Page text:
Managing Materiality

Accounting information is material if its omission or misstatement would mislead investors. In other words, if there’s a piece of information that investors need to know, then that information is material – it makes a difference.


Information can be material in size or importance. In size, materiality is all about the amount. A large amount of money – relative to the size of the company – is material. A small amount of money – relative to the size of the company – is not material. For example, some companies round their financial statement figures to the nearest thousand dollars (or even million dollars). They state a $500,000 expense  as $500 “in thousands.” These companies do not consider amounts less than a thousand dollars to be material.

Some items may be small in amount, but large in importance and therefore material. For example, suppose that the president of the company had a $500 expense which in dollar amount was not material. What was the expense? She bribed a public official. Since this expense is illegal, it is considered material, even though the amount itself is not material.

Why is materiality important? Because accountants don’t want to overload investors with too much information that would confuse them and distract them from what is most important.

Entrepreneurs need to remember not to sweat the small stuff – focus on that portion of your business that generates the most return, and don’t waste too much time on tasks that add little or no value.

3 thoughts on “Managing Materiality

  1. Greetings Professor and Accountinator and super good accounting teacher that is a most excellent teacher !!!
    I just found your site after looking around for weeks on learning about accounting and bookkeeping. Your site and spreadsheet are very very good. Thanks !!

    If a person is told by someone that the errors in the CPA’s tax return are deminimus does that mean that the client should not worry about it ?
    Is deminumus the same as not material ?
    If the client tells her CPA the numbers on the tax return you prepared for me are different than what I gave you to put on the tax return is that a something the client should be concerned about if her accountant says the numbers are deminimus. Just sign the return so I can file it for you.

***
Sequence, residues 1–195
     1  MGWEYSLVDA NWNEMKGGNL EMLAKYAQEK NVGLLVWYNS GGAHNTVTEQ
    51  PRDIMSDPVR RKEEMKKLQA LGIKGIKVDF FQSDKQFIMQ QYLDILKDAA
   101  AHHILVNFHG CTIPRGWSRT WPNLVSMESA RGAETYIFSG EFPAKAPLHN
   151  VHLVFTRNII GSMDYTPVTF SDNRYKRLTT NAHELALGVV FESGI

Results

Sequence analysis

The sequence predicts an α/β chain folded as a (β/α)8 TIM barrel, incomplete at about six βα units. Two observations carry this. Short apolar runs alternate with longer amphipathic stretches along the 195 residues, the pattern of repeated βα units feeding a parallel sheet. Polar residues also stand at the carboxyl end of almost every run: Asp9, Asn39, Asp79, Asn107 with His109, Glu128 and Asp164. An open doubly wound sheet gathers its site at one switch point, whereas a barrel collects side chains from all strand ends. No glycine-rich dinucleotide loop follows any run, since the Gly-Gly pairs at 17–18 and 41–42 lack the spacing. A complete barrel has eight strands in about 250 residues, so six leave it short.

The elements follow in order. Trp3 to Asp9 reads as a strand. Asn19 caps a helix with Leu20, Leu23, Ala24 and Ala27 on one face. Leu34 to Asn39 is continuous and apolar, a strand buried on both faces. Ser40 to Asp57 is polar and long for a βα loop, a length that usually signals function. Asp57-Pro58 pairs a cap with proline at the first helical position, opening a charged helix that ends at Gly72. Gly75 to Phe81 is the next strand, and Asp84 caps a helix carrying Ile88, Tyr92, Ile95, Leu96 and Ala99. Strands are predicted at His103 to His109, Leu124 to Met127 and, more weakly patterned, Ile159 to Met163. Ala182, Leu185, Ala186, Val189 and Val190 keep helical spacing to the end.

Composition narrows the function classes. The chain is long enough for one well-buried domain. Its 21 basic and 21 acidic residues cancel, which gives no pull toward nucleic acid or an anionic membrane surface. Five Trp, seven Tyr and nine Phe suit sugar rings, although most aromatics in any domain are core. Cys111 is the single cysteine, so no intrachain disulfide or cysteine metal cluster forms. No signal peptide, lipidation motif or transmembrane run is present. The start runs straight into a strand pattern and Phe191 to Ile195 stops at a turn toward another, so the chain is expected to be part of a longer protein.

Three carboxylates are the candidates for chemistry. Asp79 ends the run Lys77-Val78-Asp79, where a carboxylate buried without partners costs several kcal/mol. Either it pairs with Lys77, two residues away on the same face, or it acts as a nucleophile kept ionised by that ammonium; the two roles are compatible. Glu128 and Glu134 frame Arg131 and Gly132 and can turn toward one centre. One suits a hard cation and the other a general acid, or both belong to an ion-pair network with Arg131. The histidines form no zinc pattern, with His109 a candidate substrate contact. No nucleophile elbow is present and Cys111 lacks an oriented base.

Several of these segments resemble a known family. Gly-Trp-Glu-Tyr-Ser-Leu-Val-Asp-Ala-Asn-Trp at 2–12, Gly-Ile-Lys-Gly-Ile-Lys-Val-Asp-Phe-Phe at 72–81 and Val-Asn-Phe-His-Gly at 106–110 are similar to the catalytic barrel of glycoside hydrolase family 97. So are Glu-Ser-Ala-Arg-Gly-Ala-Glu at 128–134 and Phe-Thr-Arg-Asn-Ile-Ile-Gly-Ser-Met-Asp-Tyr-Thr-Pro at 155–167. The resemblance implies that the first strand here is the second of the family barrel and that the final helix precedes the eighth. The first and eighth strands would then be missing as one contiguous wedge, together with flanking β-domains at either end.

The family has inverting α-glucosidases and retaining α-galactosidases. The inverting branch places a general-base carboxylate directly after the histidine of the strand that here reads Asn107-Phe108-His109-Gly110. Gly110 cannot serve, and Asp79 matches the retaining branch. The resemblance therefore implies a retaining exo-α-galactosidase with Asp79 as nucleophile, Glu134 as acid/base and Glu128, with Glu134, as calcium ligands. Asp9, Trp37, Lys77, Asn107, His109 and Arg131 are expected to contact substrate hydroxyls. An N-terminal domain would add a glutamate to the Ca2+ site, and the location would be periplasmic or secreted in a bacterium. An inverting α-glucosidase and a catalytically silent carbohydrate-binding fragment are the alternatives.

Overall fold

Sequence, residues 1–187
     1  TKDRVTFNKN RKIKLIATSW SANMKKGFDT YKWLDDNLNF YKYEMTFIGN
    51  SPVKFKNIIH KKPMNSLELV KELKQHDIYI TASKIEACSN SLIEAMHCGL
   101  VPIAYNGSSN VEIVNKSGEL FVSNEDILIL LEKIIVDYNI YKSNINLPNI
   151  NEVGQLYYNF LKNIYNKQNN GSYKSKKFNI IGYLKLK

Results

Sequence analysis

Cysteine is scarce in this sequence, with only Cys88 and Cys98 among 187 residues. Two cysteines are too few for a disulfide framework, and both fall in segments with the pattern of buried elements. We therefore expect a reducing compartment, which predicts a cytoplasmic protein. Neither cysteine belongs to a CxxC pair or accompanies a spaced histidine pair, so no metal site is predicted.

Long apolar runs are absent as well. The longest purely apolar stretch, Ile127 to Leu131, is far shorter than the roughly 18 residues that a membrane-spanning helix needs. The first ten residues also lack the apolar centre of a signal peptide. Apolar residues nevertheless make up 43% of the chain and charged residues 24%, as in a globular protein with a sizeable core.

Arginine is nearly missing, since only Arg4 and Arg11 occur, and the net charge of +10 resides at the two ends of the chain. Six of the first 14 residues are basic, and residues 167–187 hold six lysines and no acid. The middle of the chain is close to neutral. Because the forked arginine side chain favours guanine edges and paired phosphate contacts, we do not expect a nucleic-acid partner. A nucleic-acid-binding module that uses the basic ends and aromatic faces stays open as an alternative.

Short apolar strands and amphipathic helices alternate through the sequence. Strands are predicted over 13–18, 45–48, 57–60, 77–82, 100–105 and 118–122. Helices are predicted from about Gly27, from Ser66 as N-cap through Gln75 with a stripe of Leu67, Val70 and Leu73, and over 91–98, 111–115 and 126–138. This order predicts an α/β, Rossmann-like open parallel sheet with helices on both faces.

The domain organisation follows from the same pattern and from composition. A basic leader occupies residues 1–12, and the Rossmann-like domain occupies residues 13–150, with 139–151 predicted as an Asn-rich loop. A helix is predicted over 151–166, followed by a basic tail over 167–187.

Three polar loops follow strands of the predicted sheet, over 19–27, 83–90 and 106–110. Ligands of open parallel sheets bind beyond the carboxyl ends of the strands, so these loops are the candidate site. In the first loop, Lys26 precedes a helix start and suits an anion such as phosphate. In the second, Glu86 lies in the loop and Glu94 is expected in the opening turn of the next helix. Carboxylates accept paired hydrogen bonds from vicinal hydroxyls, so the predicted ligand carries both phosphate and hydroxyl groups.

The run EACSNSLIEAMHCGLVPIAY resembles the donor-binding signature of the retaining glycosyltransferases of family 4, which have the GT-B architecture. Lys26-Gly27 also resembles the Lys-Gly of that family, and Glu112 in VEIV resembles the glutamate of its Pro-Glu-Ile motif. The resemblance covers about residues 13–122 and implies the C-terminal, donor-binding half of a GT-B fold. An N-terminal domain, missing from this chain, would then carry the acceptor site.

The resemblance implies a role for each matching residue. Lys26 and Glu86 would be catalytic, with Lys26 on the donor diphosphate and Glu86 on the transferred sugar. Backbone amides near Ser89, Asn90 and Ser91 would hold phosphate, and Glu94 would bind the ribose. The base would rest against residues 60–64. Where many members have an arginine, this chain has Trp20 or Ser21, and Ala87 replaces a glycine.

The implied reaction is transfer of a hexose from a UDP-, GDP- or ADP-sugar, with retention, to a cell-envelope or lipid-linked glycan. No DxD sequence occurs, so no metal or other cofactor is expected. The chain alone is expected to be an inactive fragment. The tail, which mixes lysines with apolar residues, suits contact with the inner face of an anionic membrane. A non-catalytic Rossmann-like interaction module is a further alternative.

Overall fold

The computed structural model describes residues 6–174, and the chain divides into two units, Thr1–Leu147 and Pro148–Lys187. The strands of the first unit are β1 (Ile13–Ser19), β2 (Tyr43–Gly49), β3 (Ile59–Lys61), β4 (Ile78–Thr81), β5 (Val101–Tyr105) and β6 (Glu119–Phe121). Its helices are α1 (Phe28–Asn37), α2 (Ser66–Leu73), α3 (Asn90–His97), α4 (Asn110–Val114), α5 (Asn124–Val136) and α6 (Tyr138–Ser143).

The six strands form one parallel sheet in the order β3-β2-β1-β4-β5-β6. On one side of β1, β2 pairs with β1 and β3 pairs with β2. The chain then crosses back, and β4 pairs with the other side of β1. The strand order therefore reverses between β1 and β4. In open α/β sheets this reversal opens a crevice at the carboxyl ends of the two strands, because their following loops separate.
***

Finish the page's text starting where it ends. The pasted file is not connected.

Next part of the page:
Should the client be content with that CPA or should she start looking for another CPA ?
    If so how should she figure out how to tell if a CPA is the perfect fit for her and her business ?
    Thanks so much,
    P.S. if you want to break this into different articles please go ahead
    I wish you would do a post along the lines of : You know it is time to start looking for a new CPA when and then you fill in the blank .

    Here is one. You know it is time for you to start looking for a new CPA when he ask you if can he sleep on your couch for a few days because his mother kicked him out of the basement.
    when he says he is thinking about quitting being a CPA because if he had it to do over he would have chosen a different job.
    when he wants to borrow your car keys.
    when he wants to borrow some money from one of his clients.
    when he files for an extension for you without asking you if you want him to.
    when he gets arrested for shoplifting pencils and paper clips
    when he gets arrested for embezzelment
    when the board of registration in his state revokes his license.
    when he ask you if he can borrow your adding machine
    when he asks you if you mind if he only works 1 day a week, even though he said he had to file an extension for you because he is too busy to get to you.
    when he says, what is a Health Savings Account ?
    when he ask you to buy an insurance policy from him that pays him more money and does not hold him “accountable” if he messes up your tax return !!

    Please keep on keeping on !! I will tell lots of people about your great site.

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